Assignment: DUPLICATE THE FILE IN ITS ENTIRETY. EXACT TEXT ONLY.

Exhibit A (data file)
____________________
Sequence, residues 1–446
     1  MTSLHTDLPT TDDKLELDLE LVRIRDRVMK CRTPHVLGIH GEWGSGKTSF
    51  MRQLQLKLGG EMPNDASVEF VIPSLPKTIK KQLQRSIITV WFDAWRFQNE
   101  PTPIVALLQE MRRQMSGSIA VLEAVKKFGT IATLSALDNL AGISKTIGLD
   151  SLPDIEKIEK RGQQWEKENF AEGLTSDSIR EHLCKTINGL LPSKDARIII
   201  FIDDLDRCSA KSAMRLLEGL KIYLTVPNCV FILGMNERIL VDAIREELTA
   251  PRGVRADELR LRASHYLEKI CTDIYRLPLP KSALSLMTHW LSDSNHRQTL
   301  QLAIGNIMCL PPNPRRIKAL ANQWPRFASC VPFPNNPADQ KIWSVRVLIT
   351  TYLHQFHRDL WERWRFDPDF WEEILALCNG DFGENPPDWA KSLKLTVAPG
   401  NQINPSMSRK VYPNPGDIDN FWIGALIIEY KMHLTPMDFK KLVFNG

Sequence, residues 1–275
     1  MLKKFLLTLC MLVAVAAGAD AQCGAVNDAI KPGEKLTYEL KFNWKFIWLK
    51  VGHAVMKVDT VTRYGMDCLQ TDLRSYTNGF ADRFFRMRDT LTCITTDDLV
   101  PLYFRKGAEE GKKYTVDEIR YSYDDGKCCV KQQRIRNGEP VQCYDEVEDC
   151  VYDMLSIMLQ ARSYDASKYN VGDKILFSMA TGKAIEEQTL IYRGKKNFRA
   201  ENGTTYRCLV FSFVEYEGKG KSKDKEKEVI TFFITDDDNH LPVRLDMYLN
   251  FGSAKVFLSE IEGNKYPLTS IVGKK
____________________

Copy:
Sequence, residues 1–446
     1  MTSLHTDLPT TDDKLELDLE LVRIRDRVMK CRTPHVLGIH GEWGSGKTSF
    51  MRQLQLKLGG EMPNDASVEF VIPSLPKTIK KQLQRSIITV WFDAWRFQNE
   101  PTPIVALLQE MRRQMSGSIA VLEAVKKFGT IATLSALDNL AGISKTIGLD
   151  SLPDIEKIEK RGQQWEKENF AEGLTSDSIR EHLCKTINGL LPSKDARIII
   201  FIDDLDRCSA KSAMRLLEGL KIYLTVPNCV FILGMNERIL VDAIREELTA
   251  PRGVRADELR LRASHYLEKI CTDIYRLPLP KSALSLMTHW LSDSNHRQTL
   301  QLAIGNIMCL PPNPRRIKAL ANQWPRFASC VPFPNNPADQ KIWSVRVLIT
   351  TYLHQFHRDL WERWRFDPDF WEEILALCNG DFGENPPDWA KSLKLTVAPG
   401  NQINPSMSRK VYPNPGDIDN FWIGALIIEY KMHLTPMDFK KLVFNG

Sequence, residues 1–275
     1  MLKKFLLTLC MLVAVAAGAD AQCGAVNDAI KPGEKLTYEL KFNWKFIWLK
    51  VGHAVMKVDT VTRYGMDCLQ TDLRSYTNGF ADRFFRMRDT LTCITTDDLV
   101  PLYFRKGAEE GKKYTVDEIR YSYDDGKCCV KQQRIRNGEP VQCYDEVEDC
   151  VYDMLSIMLQ ARSYDASKYN VGDKILFSMA TGKAIEEQTL IYRGKKNFRA
   201  ENGTTYRCLV FSFVEYEGKG KSKDKEKEVI TFFITDDDNH LPVRLDMYLN
   251  FGSAKVFLSE IEGNKYPLTS IVGKK